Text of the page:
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Hydrogen for refineries

Summary

Integrating on-purpose hydrogen production into a refinery production scheme is increasingly important as demand for hydrogen upgrading within refineries continually increases.

Abstract

Hydrogen has a variety of applications within refineries. In hydrotreating or hydrofining, it is used to desulphurise crude oil fractions. It is also used in catalytic reforming, where light hydrocarbons are converted into middle fractions. In hydrocracking, hydrogen is taken up by long molecules which are broken up into the middle fractions needed for petrol production.

In refineries, hydrogen can be produced as a by-product of naphtha reforming, but any supplemental hydrogen is mainly produced from steam reforming of natural gas. Approximately 75% of hydrogen currently consumed worldwide by oil refineries is supplied by large, purpose-built hydrogen plants that generate hydrogen from natural gas or other hydrocarbon fuels, with the balance being recovered from hydrogen-containing streams generated in the refinery process. Pressure swing absorption (PSA) technology is used in both hydrogen generation plants and for hydrogen recovery.

Most hydrogen in the US (about 95%), and about half of the world’s hydrogen supply, is produced through the steam reforming of natural gas. Globally, about 53m t/a of hydrogen were consumed in 2006. The feedstock breakdown is; natural gas: 49%, liquid hydrocarbons: 29%, coal: 18% and electrolysis and other sources 4%. US demand for hydrogen currently is about 9m t/a. Of this, about 1.5 million t/a is merchant hydrogen production that is sold on to refineries and chemical plants.

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Another rollercoaster year for methanol

Summary

As the World Methanol Conference notched up its silver jubilee in Orlando, industry prices had conspired to make for a wilder ride than anything available at nearby Disney World.

Abstract

Nearly all markets have had an exceptional year, and methanol has been no exception. As the industry gathered in Orlando, Florida in late November, they could reflect on a year in which prices had reached unheard of levels of $700 per tonne. Dave McCaskill opened the conference, welcoming delegates to the 25th in a series begun by Jim Crocco back in 1982, and reflecting on the passing of another eventful year for the methanol industry.

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New plants for old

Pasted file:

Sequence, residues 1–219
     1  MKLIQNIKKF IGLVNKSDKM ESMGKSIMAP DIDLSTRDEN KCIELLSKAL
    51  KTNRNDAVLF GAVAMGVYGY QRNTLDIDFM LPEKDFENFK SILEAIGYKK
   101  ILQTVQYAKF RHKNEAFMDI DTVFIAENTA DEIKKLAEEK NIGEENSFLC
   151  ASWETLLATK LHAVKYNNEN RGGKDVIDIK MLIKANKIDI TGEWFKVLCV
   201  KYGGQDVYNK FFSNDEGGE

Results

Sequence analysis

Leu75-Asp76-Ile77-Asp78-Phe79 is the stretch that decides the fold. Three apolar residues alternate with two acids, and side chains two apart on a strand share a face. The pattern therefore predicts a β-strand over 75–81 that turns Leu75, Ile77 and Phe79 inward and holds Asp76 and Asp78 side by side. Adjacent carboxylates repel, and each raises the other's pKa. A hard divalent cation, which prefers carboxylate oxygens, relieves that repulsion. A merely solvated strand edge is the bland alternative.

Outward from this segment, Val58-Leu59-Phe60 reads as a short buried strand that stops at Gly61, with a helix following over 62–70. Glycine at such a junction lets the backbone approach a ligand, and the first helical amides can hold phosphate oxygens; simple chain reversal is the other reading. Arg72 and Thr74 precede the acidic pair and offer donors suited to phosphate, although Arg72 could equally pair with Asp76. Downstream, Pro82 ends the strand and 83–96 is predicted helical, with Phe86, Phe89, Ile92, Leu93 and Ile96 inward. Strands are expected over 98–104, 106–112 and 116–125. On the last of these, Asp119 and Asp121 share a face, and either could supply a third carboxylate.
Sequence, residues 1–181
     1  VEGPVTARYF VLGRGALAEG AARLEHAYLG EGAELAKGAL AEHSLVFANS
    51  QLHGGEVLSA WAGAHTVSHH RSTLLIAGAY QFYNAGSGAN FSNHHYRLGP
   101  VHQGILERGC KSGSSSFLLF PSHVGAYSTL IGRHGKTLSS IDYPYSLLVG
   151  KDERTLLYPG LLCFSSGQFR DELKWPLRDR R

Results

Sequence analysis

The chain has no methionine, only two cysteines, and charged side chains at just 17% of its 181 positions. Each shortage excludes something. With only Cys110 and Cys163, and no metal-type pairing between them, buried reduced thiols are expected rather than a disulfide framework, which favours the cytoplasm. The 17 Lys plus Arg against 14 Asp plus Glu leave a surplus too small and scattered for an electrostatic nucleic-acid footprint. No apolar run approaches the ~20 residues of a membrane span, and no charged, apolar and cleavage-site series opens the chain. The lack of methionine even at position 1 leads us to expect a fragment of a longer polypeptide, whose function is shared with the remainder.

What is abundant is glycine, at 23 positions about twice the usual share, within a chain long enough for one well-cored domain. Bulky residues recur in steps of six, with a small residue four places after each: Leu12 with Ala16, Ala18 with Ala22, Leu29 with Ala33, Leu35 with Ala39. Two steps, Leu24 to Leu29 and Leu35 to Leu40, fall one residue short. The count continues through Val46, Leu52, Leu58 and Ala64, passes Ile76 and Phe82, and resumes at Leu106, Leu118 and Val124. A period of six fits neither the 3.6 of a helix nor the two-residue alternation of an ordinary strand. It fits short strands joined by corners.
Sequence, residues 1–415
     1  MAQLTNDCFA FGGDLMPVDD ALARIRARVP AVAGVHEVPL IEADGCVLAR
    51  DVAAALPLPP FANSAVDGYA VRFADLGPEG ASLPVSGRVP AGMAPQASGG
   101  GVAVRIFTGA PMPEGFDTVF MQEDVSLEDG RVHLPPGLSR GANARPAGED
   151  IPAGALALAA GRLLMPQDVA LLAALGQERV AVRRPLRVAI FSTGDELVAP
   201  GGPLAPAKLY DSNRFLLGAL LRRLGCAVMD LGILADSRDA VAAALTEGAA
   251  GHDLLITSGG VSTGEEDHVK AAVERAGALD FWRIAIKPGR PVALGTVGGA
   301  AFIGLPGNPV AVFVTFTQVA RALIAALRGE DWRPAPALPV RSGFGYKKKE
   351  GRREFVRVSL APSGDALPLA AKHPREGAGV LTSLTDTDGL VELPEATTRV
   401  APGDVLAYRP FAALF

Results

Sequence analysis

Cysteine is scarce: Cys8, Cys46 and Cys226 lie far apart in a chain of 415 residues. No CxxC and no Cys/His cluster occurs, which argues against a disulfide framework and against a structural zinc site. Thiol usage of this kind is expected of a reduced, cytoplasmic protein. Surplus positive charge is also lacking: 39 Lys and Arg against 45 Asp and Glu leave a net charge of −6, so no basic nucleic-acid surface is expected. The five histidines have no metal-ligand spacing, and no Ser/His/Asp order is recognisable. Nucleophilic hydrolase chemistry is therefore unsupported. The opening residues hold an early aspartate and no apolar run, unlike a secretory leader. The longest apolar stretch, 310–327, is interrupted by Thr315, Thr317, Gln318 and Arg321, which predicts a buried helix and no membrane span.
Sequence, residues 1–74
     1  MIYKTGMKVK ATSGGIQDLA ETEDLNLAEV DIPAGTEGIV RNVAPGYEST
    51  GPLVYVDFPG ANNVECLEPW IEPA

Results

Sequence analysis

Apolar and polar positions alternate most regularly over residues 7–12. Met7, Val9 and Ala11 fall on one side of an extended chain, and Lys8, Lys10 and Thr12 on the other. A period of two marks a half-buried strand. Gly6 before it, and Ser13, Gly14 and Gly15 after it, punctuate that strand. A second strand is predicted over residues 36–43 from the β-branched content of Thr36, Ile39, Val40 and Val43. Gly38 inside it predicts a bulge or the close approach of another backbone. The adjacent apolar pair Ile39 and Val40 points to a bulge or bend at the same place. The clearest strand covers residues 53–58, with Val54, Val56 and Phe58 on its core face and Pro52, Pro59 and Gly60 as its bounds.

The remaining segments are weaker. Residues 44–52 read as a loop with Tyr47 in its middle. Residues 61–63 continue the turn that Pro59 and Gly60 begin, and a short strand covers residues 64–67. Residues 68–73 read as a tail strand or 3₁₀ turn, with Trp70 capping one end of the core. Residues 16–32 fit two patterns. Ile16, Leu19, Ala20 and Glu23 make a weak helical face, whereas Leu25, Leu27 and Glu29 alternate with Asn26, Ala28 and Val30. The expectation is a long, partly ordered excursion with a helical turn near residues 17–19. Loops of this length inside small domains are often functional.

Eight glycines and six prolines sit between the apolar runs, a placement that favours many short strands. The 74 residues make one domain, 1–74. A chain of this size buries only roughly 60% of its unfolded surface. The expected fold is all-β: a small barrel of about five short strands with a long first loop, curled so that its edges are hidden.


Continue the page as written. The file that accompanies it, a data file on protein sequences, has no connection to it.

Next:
Summary

Many ammonia plant owners consider revamping as a means to increase production rate, improve energy efficiency, reduce emissions, improve reliability, and maximise profit derived from their plant. Nitrogen+Syngas examines some of the many options available from leading technology providers to meet these goals.

Abstract

Advanced technology for revamp projects is widely available, including new process concepts, improved or new equipment designs and more effective catalysts. In addition, there is increased knowledge of the acceptable operating limits of various units. The extent to which advanced technology can be applied to a specific project varies depending upon the situation. Therefore, revamp projects must be tailor made and a phased approach is recommended starting with a revamp study defining the relevant options to achieve the defined goal, and establishing the estimated modification costs.

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Western Europe's syngas industries

Summary

In spite of difficulties and closures due to high feedstock prices, western Europe still has a sizeable syngas-based chemical industry, and changing market conditions may finally be beginning to work in its favour.

Abstract

Rising natural gas prices and increased competition from overseas producers has meant that the past couple of decades have not been happy ones for the European ammonia and methanol industries. Recent ammonia plant closures in Spain and the UK have been only the most recent casualties of several bouts of restructuring which began with the fall of the Berlin Wall in 1989.

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